Or else heavy and rich with stiff clay;

Let it lie on a hill, or slope gently away

To the level, or sink in an overgrown dell –

Don’t despair, it will serve to grow vegetables well!

One of my pillow-books is Geoffrey Grigson’s The Englishman’s Flora (I used to publish Geoffrey’s poems, and in Wiltshire Jane once cooked me the most heavenly lunch while Geoffrey scattered rose petals over my VW Beetle!), and I’ve just opened the Flora entirely at random. Scarlet pimpernel! Almost every county has its own name for it (it’s anagallis arvensis in Latin) and I learn that it’s been known for centuries as a combination of clock and weatherglass, and gives you second sight and hearing, and can be used for toothache, snake bite, and liver troubles, and also against melancholy. That’s why it’s known as Laughter Bringer, Shepherd’s Joy, Shepherd’s Delight.

This sort of knowledge, something we’re now eagerly recovering, has never been lost to societies more ‘primitive’ than ours. Much of it is embedded and transmitted in quatrains and sayings; and a delight in plant names if not properties underlies a lot of rather ‘weedy’ verse as well as poems as charming as Robert Louis Stevenson’s ‘The Flowers’:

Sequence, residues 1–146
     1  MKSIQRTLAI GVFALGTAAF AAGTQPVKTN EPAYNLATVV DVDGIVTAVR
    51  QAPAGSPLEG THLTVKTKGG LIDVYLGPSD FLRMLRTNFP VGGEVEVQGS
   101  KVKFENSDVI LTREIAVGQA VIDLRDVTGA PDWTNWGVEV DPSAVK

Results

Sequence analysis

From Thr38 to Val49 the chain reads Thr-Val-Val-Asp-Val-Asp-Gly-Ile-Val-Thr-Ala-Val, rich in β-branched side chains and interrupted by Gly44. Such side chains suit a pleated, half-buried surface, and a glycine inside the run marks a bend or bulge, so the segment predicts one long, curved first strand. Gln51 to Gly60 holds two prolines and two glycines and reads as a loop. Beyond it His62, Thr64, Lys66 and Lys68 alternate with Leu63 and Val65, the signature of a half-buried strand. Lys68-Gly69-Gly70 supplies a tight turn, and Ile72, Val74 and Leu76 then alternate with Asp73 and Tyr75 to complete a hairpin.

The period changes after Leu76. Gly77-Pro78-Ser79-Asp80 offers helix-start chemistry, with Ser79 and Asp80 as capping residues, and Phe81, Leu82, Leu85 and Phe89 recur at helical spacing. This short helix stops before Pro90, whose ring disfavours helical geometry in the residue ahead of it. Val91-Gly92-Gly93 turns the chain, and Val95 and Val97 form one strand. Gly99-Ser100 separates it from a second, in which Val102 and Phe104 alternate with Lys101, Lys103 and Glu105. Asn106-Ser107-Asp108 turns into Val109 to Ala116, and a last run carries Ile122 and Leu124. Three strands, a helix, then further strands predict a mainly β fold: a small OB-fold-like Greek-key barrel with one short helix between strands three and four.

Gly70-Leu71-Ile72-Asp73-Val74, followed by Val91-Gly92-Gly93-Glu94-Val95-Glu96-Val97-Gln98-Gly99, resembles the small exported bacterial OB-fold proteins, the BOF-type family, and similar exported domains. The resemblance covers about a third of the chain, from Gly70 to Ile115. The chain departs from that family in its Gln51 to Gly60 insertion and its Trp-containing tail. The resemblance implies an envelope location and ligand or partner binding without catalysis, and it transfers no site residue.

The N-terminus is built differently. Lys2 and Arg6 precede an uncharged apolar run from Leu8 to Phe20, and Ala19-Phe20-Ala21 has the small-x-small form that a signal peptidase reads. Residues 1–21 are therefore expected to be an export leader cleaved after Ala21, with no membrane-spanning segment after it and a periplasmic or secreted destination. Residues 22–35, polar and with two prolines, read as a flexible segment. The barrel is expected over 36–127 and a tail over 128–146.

ALL the names I know from nurse:

Gardener’s garters, Shepherd’s purse,

Bachelor’s buttons, Lady’s smock,

And the Lady Hollyhock.

Fairy places, fairy things,

Fairy woods where the wild bee wings,

Tiny trees for tiny dames-

These must all be fairy names!…